Most Penis Injuries Are Very Preventable
These are some of the most common ways that men injure themselves through sex and masturbation—and how to avoid their fate.
In 2016, the late Bill Margold, a porn icon who started acting in hardcore films in 1972—on a rug in a garage in Venice, California that a giant gold cat had recently pissed on—told me the story of how, in the spirit of cleanliness and responsibility, he accidentally altered his penis. As a “good Jewish boy,” he said, he believed he should both urinate and wash his dick off immediately after sex. “The problem was—or, I guess it was a problem” he added, “that I washed my dick off with Aqua Velva,” the classic men’s aftershave. “I was,” he explained, “an Aqua Velva man.”
It stung, he recalled, as something with a high alcohol content would tend to do when in contact with sensitive tissue, like the glans. (Lore holds that sailors used to drink Aqua Velva when they couldn’t get booze.) But he muscled through the pain until he just couldn’t feel the sting anymore. By then, he added, he hadn’t only de-sensitized himself; the tip of his penis “started turning a little tan.”
Margold’s tale, like many from the early days of modern porn, may seem extreme. But it’s really not. Whether out of twisted beliefs about hygiene, masturbatory urges and a sense of expediency, sheer curiosity, or any other number of motives, men slather their penises in all manner of strange chemicals—often repeatedly. And that’s just the tip of manifold and varied forms of casual abuse to which we subject our members in search of sexual pleasure, prowess, or even just a cure to erotic or everyday boredom. We often get away with such self-torture because the penis is a resilient organ. It is so well supplied with blood, a vital force for healing, explains Weill Cornell urologist Darius Paduch, MD, Ph.D., that even if we suffer cuts and abrasions, “the tendency to heal a penis is very good.”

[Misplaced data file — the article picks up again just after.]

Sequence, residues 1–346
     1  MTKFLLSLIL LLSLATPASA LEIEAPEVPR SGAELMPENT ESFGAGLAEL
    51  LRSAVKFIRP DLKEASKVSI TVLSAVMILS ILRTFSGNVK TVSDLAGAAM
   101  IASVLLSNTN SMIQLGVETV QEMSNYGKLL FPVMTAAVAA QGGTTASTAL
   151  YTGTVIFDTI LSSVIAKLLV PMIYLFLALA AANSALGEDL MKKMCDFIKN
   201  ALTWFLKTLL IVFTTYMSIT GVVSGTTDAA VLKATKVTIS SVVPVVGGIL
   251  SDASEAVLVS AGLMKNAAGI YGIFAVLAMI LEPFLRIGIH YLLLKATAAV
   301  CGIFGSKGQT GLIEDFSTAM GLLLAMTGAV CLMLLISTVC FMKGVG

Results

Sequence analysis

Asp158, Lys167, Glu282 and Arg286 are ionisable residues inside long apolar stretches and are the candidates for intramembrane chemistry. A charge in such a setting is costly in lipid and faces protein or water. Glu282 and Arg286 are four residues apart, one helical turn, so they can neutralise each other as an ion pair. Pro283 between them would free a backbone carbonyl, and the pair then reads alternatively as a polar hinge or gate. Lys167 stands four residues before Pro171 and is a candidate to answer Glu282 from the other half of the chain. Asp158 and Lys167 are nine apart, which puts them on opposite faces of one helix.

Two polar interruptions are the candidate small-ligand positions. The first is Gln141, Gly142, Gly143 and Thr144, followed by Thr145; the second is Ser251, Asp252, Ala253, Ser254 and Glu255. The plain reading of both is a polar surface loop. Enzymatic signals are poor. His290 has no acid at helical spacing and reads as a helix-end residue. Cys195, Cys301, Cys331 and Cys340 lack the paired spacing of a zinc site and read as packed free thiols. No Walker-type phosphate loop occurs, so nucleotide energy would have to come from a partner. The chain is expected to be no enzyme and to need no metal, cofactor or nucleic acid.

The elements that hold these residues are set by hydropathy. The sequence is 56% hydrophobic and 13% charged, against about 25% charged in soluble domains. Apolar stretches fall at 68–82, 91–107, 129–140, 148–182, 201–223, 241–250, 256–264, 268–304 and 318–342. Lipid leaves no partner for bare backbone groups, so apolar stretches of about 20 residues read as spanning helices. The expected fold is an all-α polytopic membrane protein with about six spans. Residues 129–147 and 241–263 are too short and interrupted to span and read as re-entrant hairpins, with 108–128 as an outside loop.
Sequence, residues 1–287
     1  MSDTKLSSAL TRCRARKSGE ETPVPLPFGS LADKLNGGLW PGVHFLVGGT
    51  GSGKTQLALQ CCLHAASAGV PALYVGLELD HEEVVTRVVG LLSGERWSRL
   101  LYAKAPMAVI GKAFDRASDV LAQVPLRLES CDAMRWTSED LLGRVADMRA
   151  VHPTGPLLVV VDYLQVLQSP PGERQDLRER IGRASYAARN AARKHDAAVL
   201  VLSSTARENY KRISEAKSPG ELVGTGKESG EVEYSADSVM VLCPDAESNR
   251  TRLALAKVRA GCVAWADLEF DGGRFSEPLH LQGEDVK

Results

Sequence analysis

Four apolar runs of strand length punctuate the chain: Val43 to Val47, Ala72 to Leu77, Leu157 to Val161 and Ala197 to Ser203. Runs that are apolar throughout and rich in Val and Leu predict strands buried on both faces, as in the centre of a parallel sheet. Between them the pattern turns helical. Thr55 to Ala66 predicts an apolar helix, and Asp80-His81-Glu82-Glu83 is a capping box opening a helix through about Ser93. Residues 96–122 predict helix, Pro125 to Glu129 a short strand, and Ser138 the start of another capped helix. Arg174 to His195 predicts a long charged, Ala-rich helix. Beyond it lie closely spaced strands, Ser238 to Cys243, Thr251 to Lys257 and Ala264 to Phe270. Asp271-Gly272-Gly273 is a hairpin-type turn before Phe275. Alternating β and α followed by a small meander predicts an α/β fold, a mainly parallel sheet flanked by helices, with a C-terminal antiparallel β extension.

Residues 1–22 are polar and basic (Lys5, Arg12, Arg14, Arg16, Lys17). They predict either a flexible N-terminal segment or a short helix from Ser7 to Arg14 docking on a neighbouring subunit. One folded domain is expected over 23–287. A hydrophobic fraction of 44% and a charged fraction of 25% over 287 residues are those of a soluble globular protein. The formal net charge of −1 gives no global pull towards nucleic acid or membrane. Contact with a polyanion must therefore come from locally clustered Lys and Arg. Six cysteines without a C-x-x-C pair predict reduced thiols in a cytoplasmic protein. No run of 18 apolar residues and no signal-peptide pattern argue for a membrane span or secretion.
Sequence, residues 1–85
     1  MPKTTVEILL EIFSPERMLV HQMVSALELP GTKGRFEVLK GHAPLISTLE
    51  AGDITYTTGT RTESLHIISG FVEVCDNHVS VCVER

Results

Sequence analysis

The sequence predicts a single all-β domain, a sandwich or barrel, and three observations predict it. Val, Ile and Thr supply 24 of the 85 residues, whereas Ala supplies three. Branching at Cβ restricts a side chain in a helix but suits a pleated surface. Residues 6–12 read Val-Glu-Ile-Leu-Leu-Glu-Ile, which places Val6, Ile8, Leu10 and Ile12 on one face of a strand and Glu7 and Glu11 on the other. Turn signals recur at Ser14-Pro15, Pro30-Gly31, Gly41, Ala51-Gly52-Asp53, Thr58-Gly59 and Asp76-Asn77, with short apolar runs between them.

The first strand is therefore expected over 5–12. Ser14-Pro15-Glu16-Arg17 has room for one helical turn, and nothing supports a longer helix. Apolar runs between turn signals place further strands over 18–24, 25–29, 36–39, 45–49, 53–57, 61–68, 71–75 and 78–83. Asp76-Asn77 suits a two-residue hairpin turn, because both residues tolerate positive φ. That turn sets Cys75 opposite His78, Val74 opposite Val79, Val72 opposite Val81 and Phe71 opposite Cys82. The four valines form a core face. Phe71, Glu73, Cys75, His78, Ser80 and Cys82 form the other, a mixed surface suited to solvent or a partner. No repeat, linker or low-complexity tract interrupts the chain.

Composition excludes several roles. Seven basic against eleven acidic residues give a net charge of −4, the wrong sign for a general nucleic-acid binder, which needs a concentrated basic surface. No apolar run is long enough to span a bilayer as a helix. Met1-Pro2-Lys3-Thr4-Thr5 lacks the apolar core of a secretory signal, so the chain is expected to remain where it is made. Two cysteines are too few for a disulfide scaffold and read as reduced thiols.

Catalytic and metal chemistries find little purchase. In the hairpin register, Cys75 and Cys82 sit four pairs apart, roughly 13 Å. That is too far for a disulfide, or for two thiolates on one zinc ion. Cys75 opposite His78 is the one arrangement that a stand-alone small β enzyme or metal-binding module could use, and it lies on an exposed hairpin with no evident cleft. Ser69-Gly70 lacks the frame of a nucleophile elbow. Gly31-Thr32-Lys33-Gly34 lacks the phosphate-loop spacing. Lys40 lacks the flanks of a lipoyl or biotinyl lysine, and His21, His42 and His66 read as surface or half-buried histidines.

But the penis is, somewhat paradoxically, also extremely sensitive. The skin of the shaft, explains Jesse Mills, MD, a urologist the UCLA Men’s Clinic, “is about as thin as that of the eyelid—very thin and very sensitive.” And the glans, a special sort of tissue not unlike that of the urethra, according to Ryan Terlecki, MD, a urologist at Wake Forest Baptist Health, “is especially sensitive to inflammation and irritation.” So for all that the penis can endure, it is also shockingly easy, especially through over-eager or under-thought masturbation, for men to seriously damage their penises. That can lead to short-to-long-term, and in some cases even permanent, changes in their texture, appearance, and sensory functioning. “It’s a very common complaint in my clinic,” stresses Mills. “I see tons of guys in their 20s and 30s who say, ‘I can’t feel my penis anymore—and most of the time,” it’s because of some self-induced damage to their tissue.